Once your brand spanking new website is launched do a round of user testing. Seriously, do it. You will glean fascinating insights from the process and shine light on a few blind spots.
What is user testing?
User testing means testing your site or application with actual users in order to find areas for improvement. This can involve recruiting a neutral outsider, sitting them in front of your new site, asking them to complete a series of tasks, recording the session and then reviewing the points of confusion with your team. It can also mean using a platform like UserTesting.com to recruit qualified participants according to specific criteria, submitting a script for the test and then downloading video recordings of participant experiences on your site.
How many users should you test?
Qualitative usability tests of this nature do not require large sample sizes to be useful. Usability expert Jakob Nielsen recommends testing with no more than 5 users. The reason is that insights start to repeat when testing on larger sample sizes, leading to diminishing returns on budget:
As Steve Krug aptly explains:
Imagine you work in an office, and there is a piece of frayed carpet just outside your cubicle. A co-worker walks by and trips on the carpet. 10 minutes later, another co-worker trips. And an hour later, another co-worker trips. Do you really need a large sample size to know there’s a problem with the carpet?
What you should test
Here are various elements of your site you can test (either via one test or a series of tests):
- Home page impression
- Task completion (eg. ordering a product or completing a form)
- User journey through your site (what users click on next and how they progress through your site)
- Likes and dislikes of the site
- Areas of frustration or confusion
- Comparison to competitor sites
You will have ‘facepalm’ moments
The first time we tested our site years ago, it blew our mind how many blind spots we had. For example, testing revealed that people were confused by our project enquiry form. The form asked users to disclose whether they were interested in web development or other graphic design services, which was a mandatory field:
However, many users interpreted this field as a newsletter subscription tick box, refused to select an option and were then upset to find that the field was mandatory. A very simple rewording exercise from “I am interested in” to “My project relates to” solved the problem:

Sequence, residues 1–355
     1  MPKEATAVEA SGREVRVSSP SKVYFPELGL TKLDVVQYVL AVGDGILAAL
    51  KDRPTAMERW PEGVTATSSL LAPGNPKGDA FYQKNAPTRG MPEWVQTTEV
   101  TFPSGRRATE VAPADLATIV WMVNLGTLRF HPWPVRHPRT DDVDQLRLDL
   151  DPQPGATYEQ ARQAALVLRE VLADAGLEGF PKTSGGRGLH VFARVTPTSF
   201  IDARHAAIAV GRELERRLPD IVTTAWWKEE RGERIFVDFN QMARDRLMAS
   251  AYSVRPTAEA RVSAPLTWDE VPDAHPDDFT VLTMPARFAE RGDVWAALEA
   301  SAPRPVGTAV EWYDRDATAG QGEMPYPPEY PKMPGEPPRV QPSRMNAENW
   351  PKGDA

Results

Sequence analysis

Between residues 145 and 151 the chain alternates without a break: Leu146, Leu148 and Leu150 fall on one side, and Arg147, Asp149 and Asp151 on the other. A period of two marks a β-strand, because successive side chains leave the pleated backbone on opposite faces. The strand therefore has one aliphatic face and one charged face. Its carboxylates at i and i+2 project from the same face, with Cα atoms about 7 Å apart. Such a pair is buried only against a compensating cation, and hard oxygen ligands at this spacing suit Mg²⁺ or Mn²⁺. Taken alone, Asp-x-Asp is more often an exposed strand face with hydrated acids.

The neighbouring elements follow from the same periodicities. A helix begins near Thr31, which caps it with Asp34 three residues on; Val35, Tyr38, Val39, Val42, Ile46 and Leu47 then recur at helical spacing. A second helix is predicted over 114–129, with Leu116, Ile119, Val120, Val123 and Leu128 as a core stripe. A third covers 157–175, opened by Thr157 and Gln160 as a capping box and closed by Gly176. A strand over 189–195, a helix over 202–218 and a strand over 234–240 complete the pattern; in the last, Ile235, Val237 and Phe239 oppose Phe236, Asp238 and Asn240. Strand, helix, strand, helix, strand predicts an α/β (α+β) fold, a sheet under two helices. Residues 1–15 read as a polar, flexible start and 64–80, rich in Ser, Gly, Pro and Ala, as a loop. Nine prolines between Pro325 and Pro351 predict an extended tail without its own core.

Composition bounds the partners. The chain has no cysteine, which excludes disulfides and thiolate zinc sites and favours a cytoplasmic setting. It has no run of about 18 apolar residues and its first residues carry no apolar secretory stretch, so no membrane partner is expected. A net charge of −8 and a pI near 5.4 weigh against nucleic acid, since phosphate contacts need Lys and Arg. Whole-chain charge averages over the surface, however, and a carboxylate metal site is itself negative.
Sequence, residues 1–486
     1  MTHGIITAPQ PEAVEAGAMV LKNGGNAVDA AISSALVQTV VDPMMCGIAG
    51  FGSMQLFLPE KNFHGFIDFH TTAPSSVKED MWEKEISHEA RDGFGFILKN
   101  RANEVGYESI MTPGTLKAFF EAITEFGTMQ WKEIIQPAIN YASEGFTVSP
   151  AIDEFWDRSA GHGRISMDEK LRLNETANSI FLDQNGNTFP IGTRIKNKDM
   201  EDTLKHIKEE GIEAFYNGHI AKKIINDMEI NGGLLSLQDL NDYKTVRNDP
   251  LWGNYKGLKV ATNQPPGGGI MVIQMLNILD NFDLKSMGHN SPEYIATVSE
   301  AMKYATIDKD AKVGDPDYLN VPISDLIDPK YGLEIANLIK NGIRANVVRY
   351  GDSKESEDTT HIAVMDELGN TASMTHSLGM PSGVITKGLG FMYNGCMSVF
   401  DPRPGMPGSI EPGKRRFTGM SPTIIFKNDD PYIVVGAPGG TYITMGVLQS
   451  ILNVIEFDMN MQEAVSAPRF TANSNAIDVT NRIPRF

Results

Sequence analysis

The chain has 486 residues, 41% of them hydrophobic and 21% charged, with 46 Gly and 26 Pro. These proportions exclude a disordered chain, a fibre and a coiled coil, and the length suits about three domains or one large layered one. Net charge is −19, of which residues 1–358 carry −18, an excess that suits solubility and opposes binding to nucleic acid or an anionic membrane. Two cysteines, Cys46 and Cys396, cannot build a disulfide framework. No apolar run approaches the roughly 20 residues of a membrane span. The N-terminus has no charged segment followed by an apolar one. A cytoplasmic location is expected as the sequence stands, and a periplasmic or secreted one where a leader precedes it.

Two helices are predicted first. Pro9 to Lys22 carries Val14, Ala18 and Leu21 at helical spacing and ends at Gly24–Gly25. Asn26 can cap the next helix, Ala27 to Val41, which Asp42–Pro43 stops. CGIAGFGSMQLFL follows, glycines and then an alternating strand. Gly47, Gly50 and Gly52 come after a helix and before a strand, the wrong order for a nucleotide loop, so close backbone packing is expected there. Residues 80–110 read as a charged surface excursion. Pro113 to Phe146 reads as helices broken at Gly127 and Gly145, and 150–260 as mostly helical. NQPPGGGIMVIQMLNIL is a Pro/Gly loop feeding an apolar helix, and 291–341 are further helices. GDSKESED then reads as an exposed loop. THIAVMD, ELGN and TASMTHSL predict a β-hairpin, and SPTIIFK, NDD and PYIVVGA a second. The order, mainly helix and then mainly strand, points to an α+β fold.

Had we not identified the issue early on via user testing, this mistake might have driven away valuable business.
At first, you may cry
The first few rounds of testing may reveal some frank, harsh criticisms. You may find that users may have many points of frustration or completely miss the boat on what you offer. Be prepared for scathing reviews and don’t despair. As Conversion Rate Experts put it:
The best user tests will leave you in tears.
Simply focus on fixing the main issues identified and iteratively re-test your site.
You will improve conversions
Ultimately, user testing reveals the bottlenecks on your site so that you can fix key issues and improve conversions. Conversion Rate Experts share a range of fascinating case studies on their site on this topic.
In one case study, the company increased sign-ups for the client Crazy Egg by adding trust symbols to the checkout page and addressing user objections. The original sign-up page looked like this:
Source: Crazy Egg case study
The revised page, based on issued identified in user testing, featured client logos, clearer wording and answers to common questions:
Source: Crazy Egg case study
This design change lifted sign-ups by 116%, as revealed via split testing.
In another case study, user testing revealed that daFlores customers were not aware of the company’s same day flower delivery service, and were unsure if gifts would reach recipients in time. By adding a countdown timer to the site with explanations, visitors became aware of this benefit and were motivated to complete their purchase. This tweak resulted in a 27% increase in orders. Read the full case study here.
As the above examples show, small changes can have disproportionately large impacts.
If your company’s analytics programme only encompasses quantitative data at this stage (eg. Google Analytics stats) it’s time to add qualitative data to the mix. A good corporate analytics programme should include both ‘quant’ and ‘qual’. As Avinash Kaushik explains in his book, quantitative data can tell you what happened. Only qualitative data can tell you why:
Combining the what (quantitative) with the why (qualitative) will provide a company with a long term strategic competitive advantage. (Source)
Here are other qualitative data sources to supplement your analytics programme:
- Conduct on-page user surveys via Qualaroo
- Send out open ended survey questions via Typeform
- Chat to your customer support team for insights into common end user issues
- Become a customer on your own site and complete the user journey from A to Z
Please share your user testing experiences below! Did you laugh? Did you cry? What did you learn?